In a speech to a global education conference last month, UN Secretary General Ban Ki-Moon commented on the prevailing sentiment of the global community:

"We need to listen to this call. Education is a powerful weapon to fight security threats, including the rise of violent extremism.

"The terrorists know this. That is why they keep attacking schools, like in Garissa, Kenya and
Peshawar, Pakistan. They target girls with books, like Malala Yousafzai and her friends as well as the girls in Chibok, Nigeria. We never forget their struggle....

"It is unjust that 57 million school age children are out of school. We cannot call this world
prosperous if it is too poor to educate its children.

"At any age, people can learn."
--Ban Ki-Moon, UN Secretary General
More than 3,000 adult learners attend classes each year
through OCCC's Adult Education and English as a
Second Language programs.
"I urge action to focus on girls and women, ethnic minorities, persons with disabilities and children living in conflict-affected areas, rural areas and urban slums. I also call for school curricula and activities that promote gender equality.

"Education must do more than produce individuals who can read, write and count. It must nurture global citizens who can rise to the challenges of the 21st century.

"At any age, people can learn."

In nominating Jessica Martinez-Brooks for the 2015 UNA-OKC Public Service Award, Akash Patel described the nominee's successful tenure at OCCC. He also described her activities as a volunteer in the community:

"In 2001, Mrs. Martinez-Brooks sponsored a campus organization designed to promote education for Hispanic students. She also began volunteering with the Latino Community Development Agency and was recognized as Volunteer of the Year in 2006.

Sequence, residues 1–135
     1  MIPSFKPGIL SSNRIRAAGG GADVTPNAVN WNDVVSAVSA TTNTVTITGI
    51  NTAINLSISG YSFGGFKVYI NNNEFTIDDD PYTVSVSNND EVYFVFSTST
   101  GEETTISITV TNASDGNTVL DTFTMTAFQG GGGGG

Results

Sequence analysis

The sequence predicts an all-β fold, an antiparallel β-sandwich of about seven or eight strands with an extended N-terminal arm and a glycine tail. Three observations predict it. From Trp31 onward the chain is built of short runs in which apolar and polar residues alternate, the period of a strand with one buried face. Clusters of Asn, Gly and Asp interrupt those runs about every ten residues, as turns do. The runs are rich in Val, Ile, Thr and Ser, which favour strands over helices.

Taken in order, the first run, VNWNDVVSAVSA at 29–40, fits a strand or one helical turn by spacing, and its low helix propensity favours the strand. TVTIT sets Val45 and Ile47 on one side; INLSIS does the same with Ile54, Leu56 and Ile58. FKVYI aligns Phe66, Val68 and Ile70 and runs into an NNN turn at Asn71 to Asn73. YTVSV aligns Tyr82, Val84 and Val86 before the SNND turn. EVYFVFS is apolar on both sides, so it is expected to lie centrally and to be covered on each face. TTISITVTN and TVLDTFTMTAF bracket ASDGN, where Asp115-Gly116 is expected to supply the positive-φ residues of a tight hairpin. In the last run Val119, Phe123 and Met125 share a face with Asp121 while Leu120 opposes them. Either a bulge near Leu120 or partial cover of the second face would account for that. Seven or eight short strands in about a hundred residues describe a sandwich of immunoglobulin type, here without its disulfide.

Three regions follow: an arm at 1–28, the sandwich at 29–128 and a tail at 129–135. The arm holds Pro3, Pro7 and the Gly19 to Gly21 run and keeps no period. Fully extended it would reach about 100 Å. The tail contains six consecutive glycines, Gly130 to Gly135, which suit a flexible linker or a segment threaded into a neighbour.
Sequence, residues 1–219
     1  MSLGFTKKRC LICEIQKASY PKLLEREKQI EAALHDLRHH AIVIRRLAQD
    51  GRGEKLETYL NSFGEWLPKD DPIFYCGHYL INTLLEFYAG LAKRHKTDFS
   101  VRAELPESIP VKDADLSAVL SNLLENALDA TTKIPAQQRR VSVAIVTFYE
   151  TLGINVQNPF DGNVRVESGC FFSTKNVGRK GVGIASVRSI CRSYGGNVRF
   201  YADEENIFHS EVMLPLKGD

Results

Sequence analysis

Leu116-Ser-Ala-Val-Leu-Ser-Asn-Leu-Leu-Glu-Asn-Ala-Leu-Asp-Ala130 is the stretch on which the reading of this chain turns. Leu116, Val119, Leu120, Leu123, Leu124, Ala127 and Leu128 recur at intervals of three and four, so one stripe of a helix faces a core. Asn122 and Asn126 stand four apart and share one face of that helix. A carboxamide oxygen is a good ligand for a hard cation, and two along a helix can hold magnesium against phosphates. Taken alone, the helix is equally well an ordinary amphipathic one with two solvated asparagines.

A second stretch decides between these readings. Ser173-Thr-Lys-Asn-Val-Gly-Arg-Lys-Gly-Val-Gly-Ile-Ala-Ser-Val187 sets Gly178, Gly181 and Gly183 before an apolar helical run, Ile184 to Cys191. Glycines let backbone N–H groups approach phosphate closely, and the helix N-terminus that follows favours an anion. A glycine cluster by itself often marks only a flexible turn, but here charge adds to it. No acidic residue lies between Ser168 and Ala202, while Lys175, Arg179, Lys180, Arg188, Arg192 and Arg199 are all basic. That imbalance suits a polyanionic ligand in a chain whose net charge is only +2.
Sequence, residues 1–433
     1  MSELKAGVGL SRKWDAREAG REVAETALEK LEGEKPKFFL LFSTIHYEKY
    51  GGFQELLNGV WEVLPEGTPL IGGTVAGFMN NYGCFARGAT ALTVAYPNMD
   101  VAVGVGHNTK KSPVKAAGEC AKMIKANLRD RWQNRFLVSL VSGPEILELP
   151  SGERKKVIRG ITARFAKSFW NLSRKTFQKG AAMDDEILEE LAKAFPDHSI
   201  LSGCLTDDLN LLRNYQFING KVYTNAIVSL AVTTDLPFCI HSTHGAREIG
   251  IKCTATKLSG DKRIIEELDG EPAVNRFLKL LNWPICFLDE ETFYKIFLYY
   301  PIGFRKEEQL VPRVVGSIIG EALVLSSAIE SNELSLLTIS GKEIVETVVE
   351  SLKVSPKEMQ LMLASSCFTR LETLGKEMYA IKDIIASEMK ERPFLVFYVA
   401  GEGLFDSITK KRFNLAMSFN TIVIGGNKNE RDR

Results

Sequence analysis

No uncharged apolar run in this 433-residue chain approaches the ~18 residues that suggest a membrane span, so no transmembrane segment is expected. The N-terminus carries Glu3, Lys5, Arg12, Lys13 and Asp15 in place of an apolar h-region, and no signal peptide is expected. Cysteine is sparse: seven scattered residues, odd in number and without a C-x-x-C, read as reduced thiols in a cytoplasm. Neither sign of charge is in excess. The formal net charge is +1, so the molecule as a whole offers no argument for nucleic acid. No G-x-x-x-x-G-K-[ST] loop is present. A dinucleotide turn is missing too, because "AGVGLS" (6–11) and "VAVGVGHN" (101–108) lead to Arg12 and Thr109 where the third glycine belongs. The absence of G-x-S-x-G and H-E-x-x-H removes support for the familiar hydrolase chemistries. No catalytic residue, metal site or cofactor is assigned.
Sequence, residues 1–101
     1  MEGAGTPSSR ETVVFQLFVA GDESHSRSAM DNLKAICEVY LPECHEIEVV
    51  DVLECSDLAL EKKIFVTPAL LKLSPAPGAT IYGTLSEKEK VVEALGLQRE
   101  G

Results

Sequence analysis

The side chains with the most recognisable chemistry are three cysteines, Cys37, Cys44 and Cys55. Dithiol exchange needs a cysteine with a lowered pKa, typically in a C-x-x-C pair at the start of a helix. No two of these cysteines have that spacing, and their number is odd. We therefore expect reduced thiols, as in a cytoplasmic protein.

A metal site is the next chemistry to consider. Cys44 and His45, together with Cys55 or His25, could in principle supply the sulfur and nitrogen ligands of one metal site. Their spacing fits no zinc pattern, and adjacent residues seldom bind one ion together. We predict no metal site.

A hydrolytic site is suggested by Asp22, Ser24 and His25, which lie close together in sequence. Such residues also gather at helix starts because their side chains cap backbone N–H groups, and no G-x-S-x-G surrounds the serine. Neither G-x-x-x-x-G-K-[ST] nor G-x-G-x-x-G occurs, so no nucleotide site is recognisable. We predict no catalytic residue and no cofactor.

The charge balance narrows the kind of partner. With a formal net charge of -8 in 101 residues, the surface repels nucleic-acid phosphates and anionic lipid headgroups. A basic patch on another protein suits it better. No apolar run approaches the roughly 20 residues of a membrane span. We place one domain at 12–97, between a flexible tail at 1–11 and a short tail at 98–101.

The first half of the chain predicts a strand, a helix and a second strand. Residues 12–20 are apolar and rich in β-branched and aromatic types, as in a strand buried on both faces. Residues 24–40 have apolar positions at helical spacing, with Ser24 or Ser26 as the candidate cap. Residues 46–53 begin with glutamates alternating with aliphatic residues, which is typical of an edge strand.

"She continues her community service outside the confines of the college by serving on the board of directors for the Regional Food Bank of Oklahoma and many other organizations. She also served as president of the Oklahoma Hispanic Professional Association, board vice-president and fundraising chair of the YWCA of Oklahoma City, chair of the Oklahoma City Mariachi Festival and volunteer at La Puerta de Oro and served on the scholarship committee of the League of United Latin American Citizens."

To Mr. Patel, this spirit of volunteerism helps to illustrate the UN's goals of "social progress and
better standards of life in larger freedom." (From the Preamble to the United Nations Charter).

The board of directors of the OKC chapter of the United Nations Association emphatically agrees with Mr. Patel. We are happy to recognize Jessica Martinez-Brooks as our 2015 UNA-OKC Public Service Award winner.

About Jessica Martinez-Brooks

Jessica Martinez-Brooks lives in
Oklahoma City with her husband,
Michael Brooks-Jimenez, and
their children, Joaquin and Lucy.